Well, Phaedra with her looking glass
Stretchin’ out upon the grass
She gets all messed up and she faints –
That’s ’cause she’s so obvious and you ain’t

Yes its fun, it’s knockabout, its surreal, its three chords, and no real attempt at a melody.

And why not?  It’s a damn sight more interesting than “I wanna be your man”.

Index to the songs

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3 Responses to “I wanna be your lover”: the meaning of the music and the lyrics

  1. I think I can help with the American courtroom reference.

    Bond is like bail — money you can pay to leave jail and guarantee your return for your trial. I think the difference is that bond is a payment of only a portion of the amount set for bail that is paid to a third party bondsman, who then pays the full bail amount — and will track you down if you fail to show up to court.

    Whatever the details, when Mona is told she can’t have a bond, it means she must stay in prison until her trial. Hence her feeling that walls are closing in on her.

  2. This link is included in The Bob Dylan Project at: http://thebobdylanproject.com/Song/id/281/I-Wanna-Be-Your-Lover (Additional Information)

  3. Carl Ewens says:

    The song is about illicit sex. In the first verse the Rain Man is most likely a reference to the film ‘Rainmaker’ starring Burt Reynolds as a con-man who is actually claiming he can make it rain in drought ridden areas. He’s actually after a girl played by Katherine Hepburn in the film.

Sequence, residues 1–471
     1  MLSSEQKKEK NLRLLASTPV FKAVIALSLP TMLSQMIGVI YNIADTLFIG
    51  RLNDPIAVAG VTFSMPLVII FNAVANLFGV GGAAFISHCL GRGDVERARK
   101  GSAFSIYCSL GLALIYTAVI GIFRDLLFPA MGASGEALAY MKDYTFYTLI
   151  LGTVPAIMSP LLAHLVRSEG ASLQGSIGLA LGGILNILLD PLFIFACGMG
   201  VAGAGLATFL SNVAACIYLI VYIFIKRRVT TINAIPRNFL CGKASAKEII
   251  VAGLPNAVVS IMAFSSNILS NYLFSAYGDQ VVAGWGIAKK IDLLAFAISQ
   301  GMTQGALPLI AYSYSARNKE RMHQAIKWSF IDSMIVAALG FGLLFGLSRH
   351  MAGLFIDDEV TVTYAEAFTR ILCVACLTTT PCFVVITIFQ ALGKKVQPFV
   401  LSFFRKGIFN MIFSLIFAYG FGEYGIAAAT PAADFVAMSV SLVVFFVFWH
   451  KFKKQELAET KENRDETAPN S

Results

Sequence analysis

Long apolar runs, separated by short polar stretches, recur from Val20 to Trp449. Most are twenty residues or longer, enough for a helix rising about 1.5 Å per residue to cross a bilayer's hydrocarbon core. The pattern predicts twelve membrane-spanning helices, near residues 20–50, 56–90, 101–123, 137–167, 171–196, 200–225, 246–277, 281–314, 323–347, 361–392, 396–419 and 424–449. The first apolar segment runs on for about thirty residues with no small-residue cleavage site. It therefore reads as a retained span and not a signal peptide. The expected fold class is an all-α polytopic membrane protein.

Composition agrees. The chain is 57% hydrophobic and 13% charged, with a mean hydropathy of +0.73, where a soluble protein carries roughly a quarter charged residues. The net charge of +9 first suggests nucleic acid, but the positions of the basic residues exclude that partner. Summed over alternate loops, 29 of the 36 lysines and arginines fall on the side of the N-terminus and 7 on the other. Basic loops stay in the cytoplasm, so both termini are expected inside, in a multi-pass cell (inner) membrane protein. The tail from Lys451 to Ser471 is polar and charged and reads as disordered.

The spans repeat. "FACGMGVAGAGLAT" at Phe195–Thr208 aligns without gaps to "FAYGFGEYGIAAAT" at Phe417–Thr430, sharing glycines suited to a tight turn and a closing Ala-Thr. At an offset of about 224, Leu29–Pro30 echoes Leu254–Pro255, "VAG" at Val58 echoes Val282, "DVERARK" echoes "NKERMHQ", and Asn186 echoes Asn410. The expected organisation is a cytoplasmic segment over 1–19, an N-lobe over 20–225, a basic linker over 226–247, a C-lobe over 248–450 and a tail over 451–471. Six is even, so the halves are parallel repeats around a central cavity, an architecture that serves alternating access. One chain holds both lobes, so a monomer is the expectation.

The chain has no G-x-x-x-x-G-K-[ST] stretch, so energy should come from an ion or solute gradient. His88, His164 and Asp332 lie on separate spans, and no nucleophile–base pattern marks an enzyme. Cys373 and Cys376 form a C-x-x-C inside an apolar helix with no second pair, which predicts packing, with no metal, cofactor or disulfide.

Mona is a spurious character who the Rain Man is claiming to be able to release from jail. He has no luck as he’s just a reprobate, hence he sneaks off in a ‘wolf’s’ or finally a ‘wolf-man’s’ disguise.
    In the second verse the illicit relationship is between two men, the creepy undertaker in his ‘midnight suit’ and the ‘masked man’ although Dylan sings ‘madman’ not masked man! Either way these are two dark characters, creepy, crazy or criminal, and their fancying each other is hilariously described!
    The third verse presents another lust-filled character, this time from an old blues song, Jumpin’ Judy, with the term ‘jump’ itself a reference to sex. Rasputin of course, was a monk (albeit a mad one), and Dylan’s joke is that if a supposed holy person even touched Jumpin’ Judy, she’s so sexy it’d kill him!
    Finally there’s the verse about is a great picture of some greek goddess so overcome with her own beauty, such a hottie, that she faints from her own tempestuous desires. Dylan’s closing witticism is that ‘she’s so obvious, but you ain’t!’ – the moral of the story being that maybe sometimes it’s better to be a bit more subtle about those sexual desires, have a bit of self control. From Dylan’s point of view however the song is really about a total lack of self-control, something that may well have characterised a pop star’s life back in the sixties!